But if such arguments are brought into play, it is evident that it is no longer a legal question, but a psychological one. The psychologist alone deals scientifically with the problem of mutual mental influence and with the reenforcing or awakening of mental energies by social cooeperation. He should accordingly investigate the question with his own methods and deal with it from the standpoint of the scientist. This means he is not simply to form an opinion from general vague impressions and to talk about it as about a question of politics, where any man may have his personal idea or fancy, but to discover the facts by definite experiments. The modern student of mental life is accustomed to the methods of the laboratory. He wants to see exact figures by which the essential facts come into sharp relief. But let us understand clearly what such an experiment means. When the psychologist goes to work in his laboratory, his aim is to study those thoughts and emotions and feelings and deeds which move our social world. But his aim is not simply to imitate or to repeat the social scenes of the community. He must simplify them and bring them down to the most elementary situations, in which only the characteristic mental actions are left. Is this not the way in which the experimenters proceed in every field? The physicist or the chemist does not study the great events as they occur in nature on a large scale and with bewildering complexity of conditions, but he brings down every special fact which interests him to a neat, miniature copy on his laboratory table. There he mixes a few chemical solutions in his retorts and his test-tubes, or produces the rays or sparks or currents with his subtle laboratory instruments, and he feels sure that whatever he finds there must hold true everywhere in the gigantic universe. If the waters move in a certain way in the little tank on his table, he knows that they must move according to the same laws in the midst of the ocean. In this spirit the psychologist arranges his experiments too. He does not carry them on in the turmoil of social life, but prepares artificial situations in which the persons will show the laws of mental behaviour. An experiment on memory or attention or imagination or feeling may bring out in a few minutes mental facts which the ordinary observer would discover only if he were to watch the behaviour and life attitudes of the man for years. Everything depends upon the degree with which the characteristic mental states are brought into play under experimental conditions. The great advantage of the experimental method is, here as everywhere, that everything can be varied and changed at will and that the conditions and the effects can be exactly measured.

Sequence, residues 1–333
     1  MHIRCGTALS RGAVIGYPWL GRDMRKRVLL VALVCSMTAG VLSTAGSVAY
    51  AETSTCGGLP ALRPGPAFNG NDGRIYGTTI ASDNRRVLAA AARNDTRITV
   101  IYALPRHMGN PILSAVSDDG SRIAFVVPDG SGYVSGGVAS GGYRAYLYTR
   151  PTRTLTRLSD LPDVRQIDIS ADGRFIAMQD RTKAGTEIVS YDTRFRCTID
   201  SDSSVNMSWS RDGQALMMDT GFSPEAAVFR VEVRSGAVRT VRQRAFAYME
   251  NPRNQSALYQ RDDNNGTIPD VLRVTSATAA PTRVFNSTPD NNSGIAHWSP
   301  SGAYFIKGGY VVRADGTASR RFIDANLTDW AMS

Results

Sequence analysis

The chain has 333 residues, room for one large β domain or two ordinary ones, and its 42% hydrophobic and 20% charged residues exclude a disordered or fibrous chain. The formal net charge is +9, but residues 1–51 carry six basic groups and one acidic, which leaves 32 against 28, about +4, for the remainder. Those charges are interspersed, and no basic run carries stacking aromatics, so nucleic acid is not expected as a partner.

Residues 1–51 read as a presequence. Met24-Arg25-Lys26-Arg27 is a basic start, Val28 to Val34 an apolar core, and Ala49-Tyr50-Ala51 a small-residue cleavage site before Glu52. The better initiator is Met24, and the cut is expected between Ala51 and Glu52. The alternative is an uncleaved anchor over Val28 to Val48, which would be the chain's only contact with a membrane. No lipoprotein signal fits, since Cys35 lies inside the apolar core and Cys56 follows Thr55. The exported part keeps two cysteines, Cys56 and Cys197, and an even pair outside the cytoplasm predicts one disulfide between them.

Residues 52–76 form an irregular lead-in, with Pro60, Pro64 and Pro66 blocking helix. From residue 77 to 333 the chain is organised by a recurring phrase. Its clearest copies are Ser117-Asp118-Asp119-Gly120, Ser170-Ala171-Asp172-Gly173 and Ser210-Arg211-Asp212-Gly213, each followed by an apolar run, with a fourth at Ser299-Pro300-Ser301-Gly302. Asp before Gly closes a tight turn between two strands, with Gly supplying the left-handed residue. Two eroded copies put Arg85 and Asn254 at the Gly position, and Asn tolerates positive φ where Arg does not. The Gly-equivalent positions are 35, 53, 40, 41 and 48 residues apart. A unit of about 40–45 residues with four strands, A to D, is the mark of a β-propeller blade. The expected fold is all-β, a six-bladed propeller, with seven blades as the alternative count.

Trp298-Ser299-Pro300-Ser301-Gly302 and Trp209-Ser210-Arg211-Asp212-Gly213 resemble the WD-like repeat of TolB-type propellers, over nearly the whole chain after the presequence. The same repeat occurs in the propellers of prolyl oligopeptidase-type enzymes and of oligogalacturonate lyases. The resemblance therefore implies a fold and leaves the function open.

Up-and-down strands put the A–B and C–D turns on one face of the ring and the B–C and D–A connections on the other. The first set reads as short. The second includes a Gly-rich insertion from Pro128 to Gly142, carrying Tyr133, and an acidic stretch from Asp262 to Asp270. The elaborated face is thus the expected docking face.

If we apply these principles to the question of the jury, the task is clear. We want to find out whether the cooeperation, the discussion, and the repeated voting of a number of individuals are helping or hindering them in the effort to judge correctly upon a complex situation. We must therefore artificially create a situation which brings into action the judgment, the discussion, and the vote, but if we are loyal to the idea of experimenting we must keep the experiment free from all those features of a real jury deliberation which have nothing to do with the mental action itself. Moreover, it is evident that the situations to be judged must allow a definite knowledge as to the objective truth. The experimenter must know which verdict of his voters corresponds to the real facts. Secondly, the situation must be difficult in order that a real doubt may prevail. If all the voters were on one side from the start, no discussion would be needed. Thirdly, it must be a rather complex situation in order that the judgment may be influenced by a number of motives. Only in this case will it be possible for the discussion to point out factors which the other party may have overlooked, thus giving a chance for changes of mind. All these demands must be fulfilled if the experiment is really to picture the jury function. But it would be utterly superfluous and would make the exact measurement impossible if the material on which the judgment is to be based were of the same kind of which the evidence in the courtroom is composed. The trial by jury in an actual criminal case may involve many picturesque and interesting details, but the mental act of judging is no different when the most trivial objects are chosen.